Everyone is on social media. And we mean everyone. According to Pew Research, in 2015 an astounding 65 percent of all Americans were using social media. That’s more than 200 million people in the USA alone, and is approximately the same amount as the number of people in America who own pets. (And you wondered why the Internet is full of cat pictures.) Worldwide, the total on social media already exceeds 2 billion people. That’s twice as many people worldwide as the number who own a car. If you have a brand, particularly one that connects with consumers, you can’t afford to ignore your customers on social media.

The amount of social media content to sift through is getting bigger and bigger. Every minute of every day, users submit more than 347,000 updates to Twitter. On Facebook, users “like” posts more than 4 million times every minute. That sounds overwhelming enough in the aggregate, but anyone who manages social media for a brand of any size knows the situation is even worse. That is, even a moderately successful brand on social media might have to field hundreds of mentions on a slow day. On a big day, thousands or tens of thousands of mentions can arrive.

Social media workloads have passed the breaking point

So, hire more and bigger social teams, right? Nope. Across all industries, some 60 percent of brands — even the biggest ones — are managing social media with teams of three or fewer. Social teams are overworked, overwhelmed, and spending frustrating amounts of time watching for events and fighting fires when they want to be creating exciting content and shaping online strategy.

Usually, when a task is overwhelming, we turn to automation. But previous attempts at social media automation have had decidedly mixed results. Again and again, when you permit machines to talk to people, the machines get the short end of the stick and the brand ends up with egg on its face.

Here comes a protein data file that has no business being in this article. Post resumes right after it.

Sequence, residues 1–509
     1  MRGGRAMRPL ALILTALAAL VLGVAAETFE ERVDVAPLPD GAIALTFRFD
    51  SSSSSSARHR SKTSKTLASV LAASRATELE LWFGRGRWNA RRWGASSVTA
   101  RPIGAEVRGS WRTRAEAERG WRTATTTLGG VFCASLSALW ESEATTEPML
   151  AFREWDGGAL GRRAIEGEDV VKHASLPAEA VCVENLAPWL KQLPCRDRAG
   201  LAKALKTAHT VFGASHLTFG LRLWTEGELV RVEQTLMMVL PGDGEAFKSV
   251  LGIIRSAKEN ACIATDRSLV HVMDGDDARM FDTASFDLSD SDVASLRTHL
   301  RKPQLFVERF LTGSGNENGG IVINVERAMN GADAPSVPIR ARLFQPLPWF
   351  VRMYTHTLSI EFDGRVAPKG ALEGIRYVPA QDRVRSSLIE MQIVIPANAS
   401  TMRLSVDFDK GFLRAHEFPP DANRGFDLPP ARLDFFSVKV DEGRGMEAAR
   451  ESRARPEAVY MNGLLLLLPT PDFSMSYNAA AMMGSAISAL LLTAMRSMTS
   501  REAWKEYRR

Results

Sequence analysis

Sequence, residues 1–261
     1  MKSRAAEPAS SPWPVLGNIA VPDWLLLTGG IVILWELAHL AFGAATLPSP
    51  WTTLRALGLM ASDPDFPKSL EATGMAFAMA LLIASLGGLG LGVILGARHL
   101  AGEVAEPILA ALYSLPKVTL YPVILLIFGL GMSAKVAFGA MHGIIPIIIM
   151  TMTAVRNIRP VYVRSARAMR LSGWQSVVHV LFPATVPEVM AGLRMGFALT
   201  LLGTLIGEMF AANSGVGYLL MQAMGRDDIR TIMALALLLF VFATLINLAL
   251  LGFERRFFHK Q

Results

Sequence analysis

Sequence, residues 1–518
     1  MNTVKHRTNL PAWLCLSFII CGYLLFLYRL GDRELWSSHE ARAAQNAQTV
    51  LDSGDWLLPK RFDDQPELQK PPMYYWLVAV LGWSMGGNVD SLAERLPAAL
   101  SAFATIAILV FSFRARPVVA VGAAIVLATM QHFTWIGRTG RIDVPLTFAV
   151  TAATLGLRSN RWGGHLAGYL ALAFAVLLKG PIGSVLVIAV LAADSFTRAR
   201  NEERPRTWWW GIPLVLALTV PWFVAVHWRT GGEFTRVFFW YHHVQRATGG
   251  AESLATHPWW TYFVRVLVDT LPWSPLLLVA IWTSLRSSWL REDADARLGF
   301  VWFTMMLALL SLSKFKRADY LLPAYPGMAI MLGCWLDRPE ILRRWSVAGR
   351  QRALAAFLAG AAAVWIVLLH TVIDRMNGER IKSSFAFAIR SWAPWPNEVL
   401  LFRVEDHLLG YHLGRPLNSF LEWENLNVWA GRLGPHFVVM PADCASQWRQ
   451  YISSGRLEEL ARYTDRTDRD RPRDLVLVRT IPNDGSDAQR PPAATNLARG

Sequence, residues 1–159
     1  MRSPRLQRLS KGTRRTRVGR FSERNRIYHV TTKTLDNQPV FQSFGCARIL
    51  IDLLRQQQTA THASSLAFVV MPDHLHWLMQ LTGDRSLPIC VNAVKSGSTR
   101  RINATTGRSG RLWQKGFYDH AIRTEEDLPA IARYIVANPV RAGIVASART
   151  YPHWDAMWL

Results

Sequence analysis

This is why brands are turning to artificial intelligence, but strictly for the purpose of finding and prioritizing the most important interactions so that social media managers can spend their limited time effectively.

This plays better to the relative strengths of AI versus humans in three ways:

  1. Language understanding still needs humans. AI cannot compose or even really understand natural language. And it certainly can’t understand culture, nuance, sarcasm, or humor. Only a person can do that.
  2. Big Data can produce surprising results. On the flip side, an AI has access to information that people can’t easily get their hands on, such as what tools were used to send a tweet, does it contain dangerous links, is the sender a real person, and much more.
  3. Performance advantages of AI. An AI may not assess everything perfectly, but what it can do, it does at high speed, enabling it to take a lot of burden off the human team members.

AI is like spam filtering for social media

An intelligent agent can tell you who to respond to and who to ignore. It can tell you which posts come from real people and which ones come from bots. It can tell you which senders are legitimately looking for help and which ones are just responding to your latest online contest.

And it can do more: It can help you prioritize by putting high-profile users at the head of the queue for responses. It can help you find the users who are most happy or unhappy, and it can coach you to develop the happy ones to be ecstatic.

But a social media specialist might wonder: Will an AI take my job? No. An AI can help you find the good stuff, but it can’t respond for you. It can’t compose tweets or understand what people are saying to you. An AI can make you stronger, but it can’t replace the essential truth of social media: human interactions.

The best analogy for the use of artificial intelligence in social media is to think of it like spam filtering for email. We use some of the same techniques to help email users find the most important messages and ignore the junk. But we would never have our anti-spam systems write our emails for us or try to tell us what they mean.

The same applies in social media: AI will help us find the most valuable, most important interactions to engage in, but humans will have to do all the actual engagement.

AI is now essential to social media

The final lesson to learn from the analogy with anti-spam tools is that AI for finding and prioritizing social media interactions is now an essential tool for community managers, marketers, and customer service teams.

The number of social media networks can only grow, and so will the ways that people interact grow with them. The volume is never going to be smaller than it is now, and it’s already overwhelming.

Computer aids for making the most of the critical social media interactions will soon be seen as a necessity, on a par with spam protection for emails and virus protection for applications.

We have only just entered the age of AI for social media, and there is much more to come.